Maysville Kentucky Blog

The Maysville Kentucky Blog is your guide to the beautiful and historic small town of Maysville Kentucky, snuggled into the rolling hills along the Ohio River. Though this blog has been discontinued, you can get your Maysville Kentucky fix over at Ken Downing's Mason County Kentucky Blog @

Leave your comment: Life As A River

You can use some HTML tags, such as <b>, <i>, <u>

Your Name: (Optional)

Your Email Address: (Optional)

May also be a website. Ex:

Word Verification:
Type the characters you see in the picture above.


anonymous said...

Your welcome. If you have any interest in knowing more about John or Elsie Beatty, there is a book "Beatty's Navy" that was written by Barbara Huffman a few years ago. I am pretty sure that you will find a little Maysville history in it as well.

8:49 PM
Jeremy said...

Great way of looking at it anon. Thank you.

5:03 PM
anonymous said...

You may think you made that up but you have no idea how true your words are. I believe that The Clare died with John Beatty on 8/20/94. Her soul was his soul and despite every effort to resusitate her, or any other part of the fleet that was once know as Beatty's Navy, it seems that so far all efforts have been futile.
The Clare was at the bottom of the River before and John Beatty raised her then, so explain to me why she refuses to be raised now?
Call me crazy, but that wreckage parked in front of Maysville will never be raised unless John Beatty himself comes back from the dead to do it. He is the only man on the Ohio that The Clare will ever resurface for. Until that happens, she is right where she belongs, resting on the bottom of John Beatty's beloved Ohio River.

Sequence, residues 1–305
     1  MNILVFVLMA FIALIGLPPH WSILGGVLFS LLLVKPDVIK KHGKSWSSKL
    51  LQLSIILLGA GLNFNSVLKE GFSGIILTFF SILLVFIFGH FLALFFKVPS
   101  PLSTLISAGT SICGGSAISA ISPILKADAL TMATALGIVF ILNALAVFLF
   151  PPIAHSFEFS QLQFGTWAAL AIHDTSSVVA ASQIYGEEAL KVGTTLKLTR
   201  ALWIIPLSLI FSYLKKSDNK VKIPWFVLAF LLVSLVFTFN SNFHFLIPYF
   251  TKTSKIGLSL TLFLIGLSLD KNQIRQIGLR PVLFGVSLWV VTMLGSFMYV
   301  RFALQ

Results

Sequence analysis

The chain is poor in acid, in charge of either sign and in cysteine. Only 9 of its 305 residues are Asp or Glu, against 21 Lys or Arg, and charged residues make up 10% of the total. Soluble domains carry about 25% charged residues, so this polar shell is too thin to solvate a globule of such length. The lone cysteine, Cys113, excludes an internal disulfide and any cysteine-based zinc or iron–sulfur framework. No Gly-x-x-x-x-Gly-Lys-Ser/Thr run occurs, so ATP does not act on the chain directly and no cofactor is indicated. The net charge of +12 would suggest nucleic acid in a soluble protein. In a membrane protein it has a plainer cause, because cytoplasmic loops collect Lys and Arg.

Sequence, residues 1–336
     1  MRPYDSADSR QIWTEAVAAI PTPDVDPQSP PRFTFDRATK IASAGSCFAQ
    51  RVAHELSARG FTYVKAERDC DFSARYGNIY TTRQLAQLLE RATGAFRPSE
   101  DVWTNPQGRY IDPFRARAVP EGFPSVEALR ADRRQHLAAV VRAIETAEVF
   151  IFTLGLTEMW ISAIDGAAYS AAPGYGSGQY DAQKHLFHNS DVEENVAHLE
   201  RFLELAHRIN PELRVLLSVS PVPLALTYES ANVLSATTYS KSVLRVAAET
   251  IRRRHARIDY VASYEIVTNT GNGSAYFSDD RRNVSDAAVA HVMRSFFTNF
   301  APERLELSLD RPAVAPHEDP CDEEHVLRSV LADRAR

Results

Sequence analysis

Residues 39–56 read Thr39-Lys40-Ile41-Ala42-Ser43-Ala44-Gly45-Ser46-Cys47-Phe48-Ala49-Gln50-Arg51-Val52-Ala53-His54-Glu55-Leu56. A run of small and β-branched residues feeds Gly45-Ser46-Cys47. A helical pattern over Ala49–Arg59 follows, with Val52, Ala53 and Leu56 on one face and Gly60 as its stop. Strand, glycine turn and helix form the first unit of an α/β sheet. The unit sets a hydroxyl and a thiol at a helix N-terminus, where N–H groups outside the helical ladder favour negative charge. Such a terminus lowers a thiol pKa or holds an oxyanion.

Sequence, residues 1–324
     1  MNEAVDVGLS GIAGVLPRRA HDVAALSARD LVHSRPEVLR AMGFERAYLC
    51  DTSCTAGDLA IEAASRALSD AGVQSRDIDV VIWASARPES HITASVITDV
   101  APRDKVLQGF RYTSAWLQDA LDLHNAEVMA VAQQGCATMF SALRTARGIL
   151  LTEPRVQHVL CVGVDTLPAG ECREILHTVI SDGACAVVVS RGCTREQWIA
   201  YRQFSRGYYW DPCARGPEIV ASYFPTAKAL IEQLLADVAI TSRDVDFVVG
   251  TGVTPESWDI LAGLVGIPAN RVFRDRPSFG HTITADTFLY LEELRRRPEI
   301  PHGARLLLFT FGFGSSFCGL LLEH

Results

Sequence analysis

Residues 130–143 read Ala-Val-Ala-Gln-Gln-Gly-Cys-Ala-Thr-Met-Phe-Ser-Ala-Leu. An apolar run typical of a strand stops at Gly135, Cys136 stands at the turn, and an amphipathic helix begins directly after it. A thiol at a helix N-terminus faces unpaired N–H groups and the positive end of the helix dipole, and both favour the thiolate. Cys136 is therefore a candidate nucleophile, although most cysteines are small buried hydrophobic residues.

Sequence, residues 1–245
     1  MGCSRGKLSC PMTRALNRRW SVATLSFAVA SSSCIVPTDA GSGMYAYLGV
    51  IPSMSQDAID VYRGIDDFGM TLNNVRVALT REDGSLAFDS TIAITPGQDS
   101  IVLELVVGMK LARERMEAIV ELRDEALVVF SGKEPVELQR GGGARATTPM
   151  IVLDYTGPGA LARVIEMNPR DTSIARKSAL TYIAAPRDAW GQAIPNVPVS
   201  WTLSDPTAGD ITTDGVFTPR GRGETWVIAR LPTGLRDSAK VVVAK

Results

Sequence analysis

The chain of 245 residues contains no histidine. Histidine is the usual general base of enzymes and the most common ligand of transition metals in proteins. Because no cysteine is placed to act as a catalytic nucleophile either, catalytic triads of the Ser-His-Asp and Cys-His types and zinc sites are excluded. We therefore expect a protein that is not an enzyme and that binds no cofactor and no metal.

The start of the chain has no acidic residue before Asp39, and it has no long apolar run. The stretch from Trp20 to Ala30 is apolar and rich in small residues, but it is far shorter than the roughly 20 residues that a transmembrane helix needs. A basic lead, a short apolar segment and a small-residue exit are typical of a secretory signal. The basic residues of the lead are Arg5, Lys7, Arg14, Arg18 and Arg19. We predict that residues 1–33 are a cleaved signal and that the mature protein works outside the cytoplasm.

11:18 AM

The Post:

Life As A River

I got a few compliments on the photo I posted of John Beatty's Navy yesterday. Some expressed their surprise as it didn't look like what they expected. Thanks for the compliments. To be honest I was a bit surprised too. When I do get a chance to go boating it's usually around Ripley, so I never saw it before going to take a picture of it. Going down there I expected to see just a bit of a pilot house (the tallest part) sticking out of the water, farther off shore.

I can completely understand why some people may want it removed. It's old and rusty and doesn't look like it belongs there -- your typical junkyard. That's all true. But I also believe that if you look at it in a certain way, it really is quite beautiful. Even without dressing up the photo, it looks like a forgotton grave marker, a symbol of finality, especially with the city behind it that may represent life and the continuation of things. The story itself is a story of the power of the Ohio River. We build dams to regulate the height of it. We build bridges over it. We build walls to change the shape of it. But sometimes the river just doesn't want to let go of some things.

Hmm... in fact, the picture coupled with the story represent Life as a River. I'm not the first to draw the metaphor that life is a river, but you can see it here very easily. You know countless little things are going on in the city in the distance, but the river brings it to a final point. Life is a process until death. It's been pointed before that you never actually see the same river twice. The water you saw a moment ago has already moved on. Likewise, life is continually unfolding. The product of life, like the river, is that at some point, it will draw you in to a final resting place. There's nothing you can do to avoid it, and all of mankind's inventions (engines and cranes, science and medicine) do little to prevent it. Sometimes the end is just a little spot off to the side of life where you're watching life go on in the distance.

OK, so I made all of that up. But it sure sounds good.